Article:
Another example provides a method of operating a pixel of a depth image sensor, the method comprising receiving photons in a photocharge generation region of the pixel, the photocharge generation region of the pixel comprising an always-depleted photodiode formed by a doped first region comprising one of p-doping or n-doping and a more lightly-doped second region located within the doped first region, the more lightly-doped second region comprising the other of p-doping or n-doping; during an integration phase, energizing a clock gate for a pixel tap, thereby directing photocharge generated in the photocharge generation region to an in-pixel storage comprising a capacitor; and in a readout phase, reading charge out from the in-pixel storage. In some such examples, the method may comprise operating the pixel in a charge transfer mode, wherein energizing the clock gate comprises changing a bias applied to the clock gate from a potential that poses a barrier to the photocharge from moving to the in-pixel storage to a potential that allows the photocharge to move to the in-pixel storage. In some such examples, the method comprises operating the pixel in a charge pump mode, wherein energizing the clock gate comprises changing a bias applied to the clock gate between a potential that traps photocharge at the clock gate and a potential that directs photocharge to the in-pixel storage. Additionally or alternatively, the method further comprises switching from operating the pixel in the charge pump mode to operating the pixel in the charge transfer mode. Additionally or alternatively, the pixel further comprises a barrier region of the one of p-doping or n-doping that is positioned within the more lightly-doped second region adjacent to and spaced from the clock gate, and energizing the clock gate lowers a potential barrier to photocharge posed by the barrier region. Additionally or alternatively, directing photocharge to the in-pixel storage comprises directing photocharge across a bias gate. Additionally or alternatively, the clock gate for the pixel tap is a first clock gate for a first pixel tap, the in-pixel storage is a first in-pixel storage comprising a first capacitor, and the method further comprises, during the integration phase, energizing a second clock gate for a second pixel tap alternately with the first clock gate thereby alternately directing photocharge to a second in-pixel storage comprising a second capacitor, and during the readout phase, reading charge out from the second in-pixel storage. Additionally or alternatively, the method further comprises, when the pixel is located outside of a region of interest, operating one or more of a horizontal anti-blooming gate and a vertical anti-blooming gate to drain photocharge. In some such examples, the method may additionally or alternatively comprise, based on the reading charge out, determining a distance value for the pixel.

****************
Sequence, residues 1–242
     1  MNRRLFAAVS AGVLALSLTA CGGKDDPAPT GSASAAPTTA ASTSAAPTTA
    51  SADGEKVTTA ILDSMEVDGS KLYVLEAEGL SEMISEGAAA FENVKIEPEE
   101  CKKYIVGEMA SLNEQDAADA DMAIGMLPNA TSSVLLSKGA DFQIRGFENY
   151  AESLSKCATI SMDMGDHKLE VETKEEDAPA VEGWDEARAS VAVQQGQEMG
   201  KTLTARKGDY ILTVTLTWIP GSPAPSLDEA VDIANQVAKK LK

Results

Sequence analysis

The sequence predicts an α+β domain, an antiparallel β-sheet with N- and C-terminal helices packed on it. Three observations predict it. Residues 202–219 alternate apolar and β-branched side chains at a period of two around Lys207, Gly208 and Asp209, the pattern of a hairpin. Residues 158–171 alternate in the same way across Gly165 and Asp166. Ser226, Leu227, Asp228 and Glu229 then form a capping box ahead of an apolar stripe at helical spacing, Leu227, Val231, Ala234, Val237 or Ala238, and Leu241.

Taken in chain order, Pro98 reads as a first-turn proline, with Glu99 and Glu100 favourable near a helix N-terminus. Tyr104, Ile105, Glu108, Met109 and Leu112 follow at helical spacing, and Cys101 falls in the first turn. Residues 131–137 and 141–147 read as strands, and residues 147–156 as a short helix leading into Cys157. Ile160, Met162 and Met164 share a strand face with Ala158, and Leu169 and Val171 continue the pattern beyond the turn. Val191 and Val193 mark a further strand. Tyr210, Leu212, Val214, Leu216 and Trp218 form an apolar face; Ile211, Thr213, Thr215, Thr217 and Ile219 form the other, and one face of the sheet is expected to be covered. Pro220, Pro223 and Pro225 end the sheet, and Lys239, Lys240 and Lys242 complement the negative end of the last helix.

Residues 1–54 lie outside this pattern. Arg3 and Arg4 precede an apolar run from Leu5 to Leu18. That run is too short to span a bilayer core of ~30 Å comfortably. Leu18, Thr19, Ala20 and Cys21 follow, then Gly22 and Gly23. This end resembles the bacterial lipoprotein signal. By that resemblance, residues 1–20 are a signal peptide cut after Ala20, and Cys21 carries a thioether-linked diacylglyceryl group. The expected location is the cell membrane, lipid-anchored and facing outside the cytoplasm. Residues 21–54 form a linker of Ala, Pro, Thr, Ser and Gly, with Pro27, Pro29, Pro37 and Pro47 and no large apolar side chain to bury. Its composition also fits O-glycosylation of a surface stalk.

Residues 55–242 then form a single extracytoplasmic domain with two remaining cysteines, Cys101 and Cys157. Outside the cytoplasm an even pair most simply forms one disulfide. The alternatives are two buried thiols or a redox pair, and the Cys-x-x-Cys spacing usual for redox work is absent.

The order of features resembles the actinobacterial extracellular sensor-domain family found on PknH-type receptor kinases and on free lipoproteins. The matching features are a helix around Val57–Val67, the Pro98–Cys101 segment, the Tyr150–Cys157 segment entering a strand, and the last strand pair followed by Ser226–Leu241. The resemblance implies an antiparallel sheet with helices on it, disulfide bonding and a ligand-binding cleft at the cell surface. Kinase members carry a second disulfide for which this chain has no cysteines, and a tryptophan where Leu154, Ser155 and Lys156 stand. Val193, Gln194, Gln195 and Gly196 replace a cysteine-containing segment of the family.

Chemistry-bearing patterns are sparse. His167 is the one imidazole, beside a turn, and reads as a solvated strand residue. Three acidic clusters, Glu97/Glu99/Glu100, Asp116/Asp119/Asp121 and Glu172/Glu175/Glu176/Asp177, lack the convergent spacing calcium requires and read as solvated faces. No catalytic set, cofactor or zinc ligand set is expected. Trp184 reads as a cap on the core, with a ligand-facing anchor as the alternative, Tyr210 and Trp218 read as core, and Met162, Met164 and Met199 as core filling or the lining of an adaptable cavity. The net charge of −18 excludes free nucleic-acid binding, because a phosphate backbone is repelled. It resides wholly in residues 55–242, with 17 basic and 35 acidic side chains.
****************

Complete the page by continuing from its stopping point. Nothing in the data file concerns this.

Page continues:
Another example provides a depth image sensor, comprising a plurality of pixels, each pixel configured to sense light incident on the pixel, and each pixel of the plurality of pixels comprising a doped first region comprising one of p-doping or n-doping, and a more lightly-doped second region disposed within the doped first region, the more lightly-doped second region comprising the other of p-doping or n-doping, thereby forming an always-depleted photodiode (ADP), a first pixel tap comprising a first clock gate disposed adjacent to the more lightly-doped second region of the ADP, and also comprising a first in-pixel storage capacitor, and a second pixel tap comprising a second clock gate disposed adjacent to the more lightly-doped second region of the ADP, and also comprising a second in-pixel storage capacitor and a controller configured to control each pixel of the plurality of pixels to, during an integration phase, alternately apply a first relative bias to the first clock gate and the second clock gate to direct photocharge generated in the ADP to the first in-pixel storage capacitor, and a second relative bias to the first clock gate and the second clock gate to direct photocharge generated in the ADP to the second in-pixel storage capacitor, and in a readout phase, read charge out from the first in-pixel storage capacitor and the second in-pixel storage capacitor. In some such examples, for each pixel of the plurality of pixels, the first pixel tap comprises a first bias gate between the first clock gate and the first in-pixel storage, and the second pixel tap comprises a second bias gate between the second clock gate and the second in-pixel storage. Additionally or alternatively, the controller is configured to control the first bias gate to set a first relative bias at the first bias gate during the integration phase to allow photocharge to flow to the first in-pixel storage, and to set a second relative bias at the first bias gate to prevent charge from backflowing. Additionally or alternatively, the first relative bias comprises a voltage that traps photocharge at the first clock gate, and a voltage on the second clock gate that directs photocharge trapped at the second clock gate across the second bias gate to the second in-pixel storage, and the second relative bias comprises a bias on the first clock gate that directs photocharge trapped at the first clock gate across the first bias gate to the first in-pixel storage, and a bias on the second clock gate that traps photocharge at the second clock gate. Additionally or alternatively, for each pixel of the plurality of pixels, the first pixel tap further comprises a first potential barrier positioned within the more lightly-doped second region adjacent to and spaced from the first clock gate, and the second pixel tap further comprises a second potential barrier positioned within the more lightly-doped second region adjacent to and spaced from the second clock gate. Additionally or alternatively, the depth image sensor further comprises a deep trench isolation region disposed between neighboring pixels of the plurality of pixels. Additionally or alternatively, the depth image sensor further comprises, for each pixel of the plurality of pixels, a divider region disposed within the more lightly-doped second region and between the first clock gate and the second clock gate, the divider region comprising the one of p-doping or n-doping. Additionally or alternatively, the more lightly-doped second region is doped at a doping concentration between 1.0% to 10% of a doping concentration of the doped first region. Additionally or alternatively, each pixel of the plurality of pixels further comprises a horizontal anti-blooming gate and a vertical anti-blooming gate. Additionally or alternatively, the controller is configured to operate the horizontal anti-blooming gate and the vertical anti-blooming gate between the integration phase and the readout phase to drain photocharge between the integration phase and the readout phase. Additionally or alternatively, the controller is configured to control the pixels outside the region of interest to, during the integration phase, drain photocharge in the ADP by operating one or more of the horizontal anti-blooming gate and the vertical anti-blooming gate.